We often hear on television about victims of femicide attacks in the home, at the workplace, or even in front of their children, but what does the term femicide mean. It is a criminological term introduced for the ﬁrst time by the feminist criminologist Diana Russell in a 1992 article to indicate the killing of women by men for being women. It is therefore the voluntary murder of a woman for reasons related to her gender that has the speciﬁc purpose of exercising a physical or psychological subjection on her. This type of violence is a violation of human rights that crosses all cultures, classes, ethnicities, and age groups. This term has had a very strong use in recent years precisely because of the growing number of female victims of murder for cultural reasons to remind all this violence was established a World Day against Violence against Women, 25 November each year.
In Italy every three days, a woman is killed by a husband, a boyfriend, a partner, or a former partner. The question arises: why does a man get to kill his partner, the mother of his children? How can a man who has loved go so far? However banal, the simplest and also the most eﬀective answer is that on the one hand there is the strong insecurity, the fear of loss and abandonment on the part of a man who does not struggle to deﬁne weak, on the other, there is impotence, the bewilderment, the submission of a woman who cannot ﬁnd the courage to rebel.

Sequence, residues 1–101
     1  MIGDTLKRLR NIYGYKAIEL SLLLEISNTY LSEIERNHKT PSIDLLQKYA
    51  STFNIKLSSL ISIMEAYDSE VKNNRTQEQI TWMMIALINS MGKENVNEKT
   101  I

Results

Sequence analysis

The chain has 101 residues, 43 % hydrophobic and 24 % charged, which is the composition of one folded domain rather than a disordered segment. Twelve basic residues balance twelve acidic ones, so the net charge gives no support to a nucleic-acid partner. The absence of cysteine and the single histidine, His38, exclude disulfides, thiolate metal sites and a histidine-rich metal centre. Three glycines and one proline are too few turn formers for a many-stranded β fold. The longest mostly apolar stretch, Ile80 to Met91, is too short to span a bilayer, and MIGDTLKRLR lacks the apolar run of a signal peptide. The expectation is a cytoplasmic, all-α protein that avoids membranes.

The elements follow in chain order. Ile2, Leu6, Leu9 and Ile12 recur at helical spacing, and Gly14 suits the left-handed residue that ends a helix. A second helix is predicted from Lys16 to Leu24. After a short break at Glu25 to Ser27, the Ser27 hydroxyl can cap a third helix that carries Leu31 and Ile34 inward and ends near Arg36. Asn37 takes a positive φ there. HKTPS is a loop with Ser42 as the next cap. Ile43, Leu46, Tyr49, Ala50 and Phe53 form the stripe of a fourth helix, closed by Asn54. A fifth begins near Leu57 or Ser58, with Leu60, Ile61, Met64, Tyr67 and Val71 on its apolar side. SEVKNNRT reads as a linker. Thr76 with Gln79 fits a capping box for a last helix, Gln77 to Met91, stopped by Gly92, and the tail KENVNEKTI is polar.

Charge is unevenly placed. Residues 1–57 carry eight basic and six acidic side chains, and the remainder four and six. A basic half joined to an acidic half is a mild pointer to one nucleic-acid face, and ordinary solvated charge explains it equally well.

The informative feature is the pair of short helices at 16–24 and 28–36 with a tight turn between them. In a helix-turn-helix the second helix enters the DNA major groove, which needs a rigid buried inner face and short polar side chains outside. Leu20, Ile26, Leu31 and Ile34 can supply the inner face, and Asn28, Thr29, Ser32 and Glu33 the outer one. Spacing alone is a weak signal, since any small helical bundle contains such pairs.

If I think of violence so brutal as to arrive at a real crime, I think of a woman who has dreamed of love and who ﬁnds herself suﬀering humiliation and pain within the walls of her home, in familiar places where she should instead feel protected. I guess you might think you can get out on your own, but I don’t think that’s possible. Today, fortunately, there are psychological support centers for women who have been abused, who have been denounced, and who have been saved from a terrible fate. I suppose you must feel hurt, bewildered, but this should in no way have the upper hand. And yet there are many women who suﬀer at the hands of those who said they loved them and this surprises me enough, to the point of leaving me almost incredulous.
As a woman, I try to put myself in the shoes of a man who takes refuge in violence, in the existence of pain and anger, but I really cannot admit that one person thinks he owns another, that he cannot think that the woman can live and breathe even without his presence.